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India 2016 | Thought Leadership | Progressive Change

As India’s economy becomes more open, so does the society,
and attitudes change 
 
Brands that lead social change deepen connection with consumers
 
By Aanchal Nagar
Account Planning Director
J. Walter Thompson
Aanchal.Nagar@jwt.com
 
 
Social change is taking place worldwide as societies reconsider long-held notions about gender, sexuality and the role of women, for example. India may not be on the cutting edge of some of these trends, but their emergence in such a traditional society, along with the pace of transformation, is extraordinary.  The more open cultural attitudes parallel, and are in fact intertwined with, the more open economy. Brands are playing an important role in the advancement of these attitudes.
 
Family structures are changing with the growing emergence of nuclear double-income families. The Indian film Ki and Ka explores a relationship where the woman is the breadwinner and the man is a househusband. Women activists are fighting to gain access to the inner sanctum of temples. In a society bound by traditional gender roles, a landmark ruling recognized the rights of transgender people. And Indian film star Tusshar Kapoor became a single father through in vitro fertilization and surrogacy.
 
Internationally, many brands are becoming prominent advocates for sociocultural change. They are uncovering ugly truths, confronting taboos, and challenging outdated practices. In India, the most prominent sociocultural theme has been that of women’s empowerment. A highly patriarchal structure has been around for decades; Indian women are fighting it to build lives that were once unimaginable.
 
Women’s empowerment is key theme
Progressive Indian brands are advocating for the empowerment of woman in various ways. For example, the watch brand Titan Raga challenges traditional views of marriage, telling women not to marry until they find a partner “who deserves your time.” In its “Share the Load” commercials, the detergent Ariel makes the point that doing the laundry is not exclusively a women’s chore; men also are capable tossing a load of clothes into the washing machine. In a similar way, commercials by the appliance maker Havells feature women handing the men in their lives coffeemakers, irons and other products that symbolize the traditional role of women. The ads end with the tagline “Respect for women.” In an ad titled “Touch the Pickle” for Whisper feminine pads, a woman breaks a hygiene taboo by touching food (the outside of a pickle jar) during her menstruation period. Commercials by the apparel brand Biba feature respectful dialogue across generations as the tradition of a bride’s dowry is challenged. In the end, the father of the groom offers a dowry. A Father’s Day ad for the clothing brand Raymond dramatizes the change in social norms. In the ad, a boy gives his single mother a mug with the saying “World’s Best Dad.”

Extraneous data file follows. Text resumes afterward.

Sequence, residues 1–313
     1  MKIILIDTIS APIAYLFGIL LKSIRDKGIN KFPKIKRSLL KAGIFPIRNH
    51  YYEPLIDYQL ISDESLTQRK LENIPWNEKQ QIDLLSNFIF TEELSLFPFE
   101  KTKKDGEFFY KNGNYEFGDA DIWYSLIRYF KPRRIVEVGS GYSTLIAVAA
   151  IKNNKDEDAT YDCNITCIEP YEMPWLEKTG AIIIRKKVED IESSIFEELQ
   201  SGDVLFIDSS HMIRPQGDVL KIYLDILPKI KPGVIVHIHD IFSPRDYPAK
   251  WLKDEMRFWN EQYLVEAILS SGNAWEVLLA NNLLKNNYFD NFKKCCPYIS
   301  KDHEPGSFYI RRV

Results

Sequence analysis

One area of women’s empowerment that has rich potential still waiting to be unleashed is that of motherhood. Mothers face several challenges, one example being the stereotype of stay-at-home mothers. Far fewer brands have explored the sociocultural change that mothers may be hoping for.
 
Brand sociocultural propositions
Only a few Indian brands have stood up for themes beyond women’s empowerment, perhaps out of fear of backlash if they are associated with riskier themes. Themes such as LGBT and diversity may seem more niche and controversial now, but as society evolves, they will be remembered as clear markers of the progressive journey.
 
To stand out from the clutter of “problem-solution” advertising, brands must communicate from the larger pedestal of thought leadership that drives sociocultural change. They must adopt emerging attitudes and behaviors that resonate with their consumers and influence society at large by standing up against ugly truths, stereotypes and taboos.
 
When brands assert bolder, socially potent themes, they take on a more active role of shaping consumer thought rather than just reflecting it. This is important because brands are not only known for their image, but also their thinking.
 
By standing for sociocultural propositions, and not merely product propositions, brands will be able to create a deeper and more meaningful role in the lives of consumers and make consumers more receptive to the functional benefits of their products.